Eight of Brazil’s 12 World Cup host cities are in the 50 most dangerous cities in the World

Empty perfume bottles used to deal drugs found in an abandoned house in Rio de Janeiro.
Empty perfume bottles used to deal drugs found in an abandoned house in Rio de Janeiro.

Out of Brazil’s 12 host cities for the 2014 World Cup, eight of them feature in the top 50 deadliest cities in the world.

The city with the highest murder rate in Brazil is Maceió in the northern state of Bahia, close to Salvador, a World Cup host city. It had a staggering 85 murders per 100,000 residents last year.

See the list below, but speaking from my own perspective living in Belo Horizinte (No. 48 on the list), I feel fairly safe on the streets, and the murders are contained to the poorer areas of the city, where drug-dealing and corruption are rife. Visiting tourists might get mugged, but as long as you hand everything over without a fight you’re unlikely to get killed (Youtube link).

Two striking omissions from the list: São Paulo is now approaching the 10 homicides per 100,000 mark, down from 35 in 1999, and in Rio de Janeiro the murder rate dropped from 42 murders per 100,000 in 2005 to 24 murders per 100,000 in 2012.

It is rising again, however. And it should also be noted that a lot of deaths are recorded as “Unexplained”, and don’t make the murder statistics. Bodies are regularly dumped in the jungle outside of big cities and, if ever found, recorded as unexplained.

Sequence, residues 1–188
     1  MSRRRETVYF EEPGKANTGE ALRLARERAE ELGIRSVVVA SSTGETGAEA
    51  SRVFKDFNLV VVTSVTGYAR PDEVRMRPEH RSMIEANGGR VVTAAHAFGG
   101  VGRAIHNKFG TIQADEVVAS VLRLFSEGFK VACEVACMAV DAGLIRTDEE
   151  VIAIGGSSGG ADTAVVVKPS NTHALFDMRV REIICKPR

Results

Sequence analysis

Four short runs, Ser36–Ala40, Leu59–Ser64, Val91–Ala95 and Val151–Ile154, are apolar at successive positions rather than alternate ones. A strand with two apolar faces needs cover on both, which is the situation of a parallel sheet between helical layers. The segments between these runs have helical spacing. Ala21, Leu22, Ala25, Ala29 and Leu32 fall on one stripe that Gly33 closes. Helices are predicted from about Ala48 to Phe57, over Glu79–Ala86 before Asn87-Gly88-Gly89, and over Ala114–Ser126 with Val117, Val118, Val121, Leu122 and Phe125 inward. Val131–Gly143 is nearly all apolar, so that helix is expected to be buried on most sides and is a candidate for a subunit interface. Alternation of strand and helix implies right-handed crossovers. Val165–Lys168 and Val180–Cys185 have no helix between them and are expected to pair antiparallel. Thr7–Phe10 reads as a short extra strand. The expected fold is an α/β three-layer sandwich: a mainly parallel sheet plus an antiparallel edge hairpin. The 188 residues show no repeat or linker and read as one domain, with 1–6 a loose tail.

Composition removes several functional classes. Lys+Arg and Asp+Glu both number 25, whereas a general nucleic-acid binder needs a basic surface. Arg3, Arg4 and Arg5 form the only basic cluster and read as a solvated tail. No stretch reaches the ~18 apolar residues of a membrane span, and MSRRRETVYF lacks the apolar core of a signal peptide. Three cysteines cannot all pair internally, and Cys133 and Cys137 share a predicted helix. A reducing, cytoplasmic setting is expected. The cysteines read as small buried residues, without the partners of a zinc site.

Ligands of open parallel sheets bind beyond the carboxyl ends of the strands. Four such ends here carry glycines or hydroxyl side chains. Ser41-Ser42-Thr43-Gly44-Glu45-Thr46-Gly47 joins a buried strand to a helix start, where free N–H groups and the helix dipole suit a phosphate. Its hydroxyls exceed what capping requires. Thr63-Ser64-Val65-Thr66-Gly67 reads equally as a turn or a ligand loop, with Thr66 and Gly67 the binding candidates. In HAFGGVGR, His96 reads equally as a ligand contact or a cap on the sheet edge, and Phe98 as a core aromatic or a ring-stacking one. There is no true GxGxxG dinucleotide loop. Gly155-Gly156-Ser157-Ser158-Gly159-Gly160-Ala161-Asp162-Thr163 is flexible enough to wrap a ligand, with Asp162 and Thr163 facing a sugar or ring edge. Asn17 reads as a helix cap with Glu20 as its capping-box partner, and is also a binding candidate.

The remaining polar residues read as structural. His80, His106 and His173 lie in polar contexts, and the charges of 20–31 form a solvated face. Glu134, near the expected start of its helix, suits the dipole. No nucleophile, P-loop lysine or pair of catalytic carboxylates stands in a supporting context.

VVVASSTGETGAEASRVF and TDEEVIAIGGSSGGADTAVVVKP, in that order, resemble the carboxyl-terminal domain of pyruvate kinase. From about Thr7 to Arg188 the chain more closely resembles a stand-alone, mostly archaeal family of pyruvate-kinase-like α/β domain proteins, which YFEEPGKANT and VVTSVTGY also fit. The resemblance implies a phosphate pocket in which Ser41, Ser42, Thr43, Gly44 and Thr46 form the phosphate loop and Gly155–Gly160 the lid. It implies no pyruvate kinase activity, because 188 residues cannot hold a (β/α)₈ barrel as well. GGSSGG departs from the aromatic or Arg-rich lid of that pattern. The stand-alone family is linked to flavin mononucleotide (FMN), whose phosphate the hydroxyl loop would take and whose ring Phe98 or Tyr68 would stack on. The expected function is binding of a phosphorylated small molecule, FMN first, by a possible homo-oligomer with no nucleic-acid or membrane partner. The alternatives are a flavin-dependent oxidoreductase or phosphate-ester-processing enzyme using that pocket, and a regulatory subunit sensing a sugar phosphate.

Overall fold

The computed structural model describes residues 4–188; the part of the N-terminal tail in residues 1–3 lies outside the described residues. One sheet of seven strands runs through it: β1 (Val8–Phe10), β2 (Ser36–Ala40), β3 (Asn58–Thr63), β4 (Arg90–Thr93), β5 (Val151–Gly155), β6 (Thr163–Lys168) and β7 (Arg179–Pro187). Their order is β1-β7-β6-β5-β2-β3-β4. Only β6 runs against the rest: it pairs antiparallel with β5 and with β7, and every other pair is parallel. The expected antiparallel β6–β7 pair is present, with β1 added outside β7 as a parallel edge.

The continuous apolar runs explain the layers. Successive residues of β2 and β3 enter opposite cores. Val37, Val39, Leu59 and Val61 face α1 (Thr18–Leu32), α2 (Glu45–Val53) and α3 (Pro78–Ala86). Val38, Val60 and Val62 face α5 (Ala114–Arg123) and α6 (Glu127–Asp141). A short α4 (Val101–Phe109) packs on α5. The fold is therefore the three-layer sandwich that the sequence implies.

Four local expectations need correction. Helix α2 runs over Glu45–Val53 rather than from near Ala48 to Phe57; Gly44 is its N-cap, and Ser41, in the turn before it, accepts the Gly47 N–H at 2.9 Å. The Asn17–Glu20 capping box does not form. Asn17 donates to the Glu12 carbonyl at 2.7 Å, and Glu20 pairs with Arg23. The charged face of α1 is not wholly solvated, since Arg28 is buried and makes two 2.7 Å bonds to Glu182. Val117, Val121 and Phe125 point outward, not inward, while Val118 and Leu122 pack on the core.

In the order they feature in the list:

49) Brasilia scrapes into the Top 50 with 29 murders per 100,000 people.

48) Belo Horizonte barely scrapes in, too, with 29 murders per 100,000 people.

42) Curitiba is next on the list with 34 murders per 100,000 people.

30) Recife had 44 murders per 100,000 people.

28) Cuiaba had 45 per 100,000.

14) Salvador had 65 murders per 100,000 people.

13) Fortaleza tied with Salvador.

11) Manaus, in the heart of the Amazon, had 70 murders for every 100,000 people.

No. 1 on the list is San Pedro Sula in the Honduras, with 169 murders for every 100,000 citizens, followed by cities in Venezuela and Mexico. A total of 15 Brazilian cities are featured on the list.

A Rio de Janeiro's tools of the trade: a gun, a bullet-proof vest and a mobile phone.
A Rio de Janeiro’s tools of the trade: a 9mm handgun, a bullet-proof vest and a mobile phone.

Amazon Rainforest in Brazil the most dangerous place in the world for environmental activists

According to Global Witness, the Amazon Rainforest in Brazil remains the most dangerous place in the world for environmental activists. Of 908 environmental activists killed in 35 countries since 2002, 448 were murdered in one country alone: Brazil.

And the murder rate is increasing; from 51 in 2002 to 147 in 2012. In most cases the killers are out free, with only 10 convictions out of 908 dead.

In Brazil, most activists are protesting issues related to natural resources and land-rights, and most victims are indigenous people and minorities.

Barbara Ruiz of the United Nations Environment Programme believes intimidation, violence and criminality are also common against activists. In one example, villagers protesting a mega-project that would cut through their land and destroy their livelihoods were “accused of terrorism for speaking against state security forces who had tried to  expel them from the area.”